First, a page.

Hope that helps.

By anon3263 — On Aug 19, 2007

So xanthan gum is essentially sugar? If so, have I been brushing my teeth with sugar, since I know xanthan gum is one of the ingredients in my toothpaste?

By kirin — On Aug 16, 2007


Well, I think it would depend on your chemistry. Such as, some people are allergic to eating seafood, other's are not. Priscilla has an actually allergic reaction to Xanthan gum, where as I only have an intolerance to it. However, in reading what Priscilla says and what is stated in Wikipedia, it sounds like the chemical either builds up in some people's bodies, or it wears down some type of protective enzyme against it so that some people will become more susceptible to it's effects. In other words you might be fine now, but in a few years you might have problems (then again you may not have any problems ever). My guess would be that Xanthan gum was just what someone was hoping to create and it looked pretty good in it's initial trials; FDA looks at it and "approved for use in foods after extensive animal testing for toxicity in 1969". So, yipee it ain't going to kill you tomorrow, but who's to say that it won't have other adverse health effects later. My suggestion, is if you notice that you are having bowel problems (especially after a meal), watch what you are eating and talk to your doctor. Personally my doctor thinks it's MSG that is causing the problem, but I have the same problem with salad dressings, barbecue sauce, and ice cream (so, it ain't just the chinese food. lol). Also realize that it's a chemical used in practically everything from concrete, to cosmetics, to bread products, to sauces, and ice cream (which really irritates me cause I love ice cream. lol). I think the FDA needs to go back and do some more research into it. Nutrasweet and it's ilks could also be considered a "natural" product (why not, everything is natural cause everything is made of elements and all elements exist in nature), but then again, Nutrasweet was a failed experiment to create a new type of plastic.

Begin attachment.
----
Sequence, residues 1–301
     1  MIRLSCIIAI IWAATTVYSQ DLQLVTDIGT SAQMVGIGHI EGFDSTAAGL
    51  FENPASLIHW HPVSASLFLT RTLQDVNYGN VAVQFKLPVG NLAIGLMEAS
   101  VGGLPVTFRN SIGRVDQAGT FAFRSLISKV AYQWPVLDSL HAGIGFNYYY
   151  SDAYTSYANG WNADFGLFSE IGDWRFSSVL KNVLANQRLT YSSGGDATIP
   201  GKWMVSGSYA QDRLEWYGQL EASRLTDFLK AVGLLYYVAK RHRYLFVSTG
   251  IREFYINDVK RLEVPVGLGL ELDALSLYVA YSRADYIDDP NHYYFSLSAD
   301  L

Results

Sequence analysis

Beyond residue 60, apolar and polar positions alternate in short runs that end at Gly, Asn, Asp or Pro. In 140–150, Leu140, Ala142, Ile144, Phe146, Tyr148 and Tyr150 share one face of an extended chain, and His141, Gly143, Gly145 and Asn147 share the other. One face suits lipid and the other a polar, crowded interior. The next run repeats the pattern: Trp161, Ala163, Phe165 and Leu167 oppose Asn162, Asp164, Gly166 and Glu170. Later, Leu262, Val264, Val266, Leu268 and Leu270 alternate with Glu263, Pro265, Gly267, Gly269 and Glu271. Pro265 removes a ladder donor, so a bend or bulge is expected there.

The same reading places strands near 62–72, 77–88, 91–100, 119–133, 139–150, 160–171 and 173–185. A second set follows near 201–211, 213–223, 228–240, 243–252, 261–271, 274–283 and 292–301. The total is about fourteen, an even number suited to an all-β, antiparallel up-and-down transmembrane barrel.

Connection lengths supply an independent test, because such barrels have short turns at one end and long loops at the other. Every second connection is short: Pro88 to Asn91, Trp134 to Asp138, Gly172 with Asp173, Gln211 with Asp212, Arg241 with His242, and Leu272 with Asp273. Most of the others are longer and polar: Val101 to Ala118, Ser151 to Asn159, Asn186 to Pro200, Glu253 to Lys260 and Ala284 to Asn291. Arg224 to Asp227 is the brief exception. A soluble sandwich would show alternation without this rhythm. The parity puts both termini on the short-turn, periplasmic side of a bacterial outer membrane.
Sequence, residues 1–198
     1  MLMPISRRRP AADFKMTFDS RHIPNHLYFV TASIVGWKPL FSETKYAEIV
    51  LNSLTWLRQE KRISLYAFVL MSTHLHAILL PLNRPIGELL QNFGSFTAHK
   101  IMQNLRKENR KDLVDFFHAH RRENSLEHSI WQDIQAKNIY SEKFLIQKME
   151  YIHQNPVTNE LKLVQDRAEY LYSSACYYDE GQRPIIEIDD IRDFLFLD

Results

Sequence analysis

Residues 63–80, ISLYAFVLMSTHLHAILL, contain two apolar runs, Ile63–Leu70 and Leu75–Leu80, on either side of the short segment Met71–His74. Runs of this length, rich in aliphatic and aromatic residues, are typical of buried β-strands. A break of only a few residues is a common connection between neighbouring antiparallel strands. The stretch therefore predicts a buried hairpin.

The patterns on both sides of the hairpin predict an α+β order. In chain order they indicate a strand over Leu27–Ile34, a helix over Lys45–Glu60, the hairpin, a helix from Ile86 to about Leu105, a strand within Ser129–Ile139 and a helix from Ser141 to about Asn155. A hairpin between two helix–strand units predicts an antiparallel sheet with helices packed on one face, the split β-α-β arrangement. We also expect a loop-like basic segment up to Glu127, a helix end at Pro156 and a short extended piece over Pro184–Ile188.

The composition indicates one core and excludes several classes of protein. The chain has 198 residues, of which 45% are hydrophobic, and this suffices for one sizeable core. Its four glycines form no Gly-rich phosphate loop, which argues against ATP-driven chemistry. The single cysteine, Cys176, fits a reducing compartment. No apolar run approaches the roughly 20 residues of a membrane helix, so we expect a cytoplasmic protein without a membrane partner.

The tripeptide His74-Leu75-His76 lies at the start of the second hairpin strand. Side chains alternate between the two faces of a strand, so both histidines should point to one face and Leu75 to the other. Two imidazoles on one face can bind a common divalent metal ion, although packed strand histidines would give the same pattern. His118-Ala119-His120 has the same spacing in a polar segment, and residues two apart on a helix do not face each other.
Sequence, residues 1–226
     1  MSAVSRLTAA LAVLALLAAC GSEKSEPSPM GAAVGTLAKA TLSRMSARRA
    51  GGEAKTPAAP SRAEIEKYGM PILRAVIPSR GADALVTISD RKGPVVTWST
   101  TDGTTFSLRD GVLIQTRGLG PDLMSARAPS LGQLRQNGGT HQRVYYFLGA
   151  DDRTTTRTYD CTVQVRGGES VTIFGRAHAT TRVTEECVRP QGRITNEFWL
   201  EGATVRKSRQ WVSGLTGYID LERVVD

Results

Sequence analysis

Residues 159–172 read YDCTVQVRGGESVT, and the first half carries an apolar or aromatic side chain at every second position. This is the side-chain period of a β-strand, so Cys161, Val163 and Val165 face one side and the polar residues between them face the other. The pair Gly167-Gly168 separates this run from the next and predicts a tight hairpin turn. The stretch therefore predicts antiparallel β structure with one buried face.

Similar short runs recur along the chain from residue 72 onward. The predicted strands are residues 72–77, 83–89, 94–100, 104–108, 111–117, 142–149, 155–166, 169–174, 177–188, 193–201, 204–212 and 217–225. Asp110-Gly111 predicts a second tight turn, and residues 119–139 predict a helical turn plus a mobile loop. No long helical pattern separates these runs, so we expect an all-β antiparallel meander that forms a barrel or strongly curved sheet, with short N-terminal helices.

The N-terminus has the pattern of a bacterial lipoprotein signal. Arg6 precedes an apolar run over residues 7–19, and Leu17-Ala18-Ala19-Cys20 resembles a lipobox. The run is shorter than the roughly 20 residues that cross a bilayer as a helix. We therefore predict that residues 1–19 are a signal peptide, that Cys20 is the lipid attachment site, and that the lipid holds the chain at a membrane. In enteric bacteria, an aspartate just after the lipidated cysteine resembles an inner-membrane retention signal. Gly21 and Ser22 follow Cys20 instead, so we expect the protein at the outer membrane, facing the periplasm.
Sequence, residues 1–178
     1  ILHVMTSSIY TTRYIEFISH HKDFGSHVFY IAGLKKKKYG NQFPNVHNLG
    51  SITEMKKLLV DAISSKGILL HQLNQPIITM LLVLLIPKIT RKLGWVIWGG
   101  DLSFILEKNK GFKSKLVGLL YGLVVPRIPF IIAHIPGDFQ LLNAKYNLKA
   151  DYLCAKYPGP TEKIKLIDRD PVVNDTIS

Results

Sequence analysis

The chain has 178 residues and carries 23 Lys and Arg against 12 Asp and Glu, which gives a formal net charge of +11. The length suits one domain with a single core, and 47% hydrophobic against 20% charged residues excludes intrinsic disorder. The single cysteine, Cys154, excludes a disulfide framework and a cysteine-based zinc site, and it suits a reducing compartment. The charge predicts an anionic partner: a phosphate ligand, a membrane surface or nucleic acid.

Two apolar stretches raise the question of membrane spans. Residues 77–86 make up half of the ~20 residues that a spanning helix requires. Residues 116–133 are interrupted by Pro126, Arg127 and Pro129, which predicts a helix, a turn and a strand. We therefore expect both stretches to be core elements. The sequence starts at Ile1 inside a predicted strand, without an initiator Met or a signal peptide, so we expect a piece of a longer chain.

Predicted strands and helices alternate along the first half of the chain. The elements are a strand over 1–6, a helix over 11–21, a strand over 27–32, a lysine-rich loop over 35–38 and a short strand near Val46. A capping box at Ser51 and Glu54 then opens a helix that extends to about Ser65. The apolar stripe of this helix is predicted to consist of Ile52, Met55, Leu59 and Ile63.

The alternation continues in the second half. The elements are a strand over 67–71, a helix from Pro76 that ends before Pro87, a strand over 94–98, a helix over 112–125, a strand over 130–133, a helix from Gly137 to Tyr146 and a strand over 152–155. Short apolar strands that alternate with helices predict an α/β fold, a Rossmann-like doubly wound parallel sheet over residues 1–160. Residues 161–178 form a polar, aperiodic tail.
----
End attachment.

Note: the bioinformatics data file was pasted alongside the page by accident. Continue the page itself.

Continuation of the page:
By anon3200 — On Aug 16, 2007

so, I'm confused. is xanthan gum bad for _everyone_ or just for the people who are allergic to it?

By Priscilla — On Aug 16, 2007

To clarify...my reactions to xanthan gum are not intestinal, but ARE classic, anaphylactic symptoms.

By Priscilla — On Aug 16, 2007


My allergic reactions to xanthan gum started out about 10 years ago in a similar fashion -- not being evident until about 45 - 60 minutes after I ate something that contained it. And, my symptoms were fairly mild. As is common with allergies, I now have almost immediate reactions and they are severe (although not intestinal, classic anaphylactic symptoms. So, be very careful!

By kirin — On Aug 15, 2007

"xanthan gum itself is not harmful to human skin or digestive systems." I don't know what the hell they are talking about; I think Wikipedia has better information: "Some people are allergic to xanthan gum, with symptoms of intestinal gripes and diarrhea. Workers exposed to xanthan gum dust exhibit nose and throat irritation as well as work-related illness, with symptoms becoming more prevalent with increasing exposure." I recently figured out that I have a food intollerance to this "natural" food product and have these exact symptoms anywhere from 30 mins to an hour after eating somthing with this substance. Also consider the fact that this "wonder" product didn't start to be in use until 1969.

By Priscilla — On May 11, 2007

Sarah, I have been to the emergency room numerous times because of xanthan gum in food products. My allergist has instructed me to stay away from it in skin-care products to eliminate my exposure to it in any form, even though I've not had an allergic response to topical use. My allergic response is such that I've needed 4 epi-pen injections in the time between calling the ambulance and arriving at the ER. So, I'd say YES, it is possible that you are allergic. (Many people are allergic to natural items. Natural means nothing when it comes to allergies.)

By Sarah — On May 02, 2007

I've been having allergic reactions to some skin products and the only ingredient that they all have that is the same is xanthan gum. I know that the reason that companies use xanthan gum is so that the product doesn't irritate skin but is it possible that I am allergic?

By Red — On Apr 23, 2007

Will Xanthan replace alcohol as a preservative in herbal extracts?

Michael Pollick

Michael Pollick


As a frequent contributor to All The Science, Michael Pollick uses his passion for research and writing to cover a wide...
Learn more
All The Science, in your inbox

Our latest articles, guides, and more, delivered daily.

All The Science, in your inbox

Our latest articles, guides, and more, delivered daily.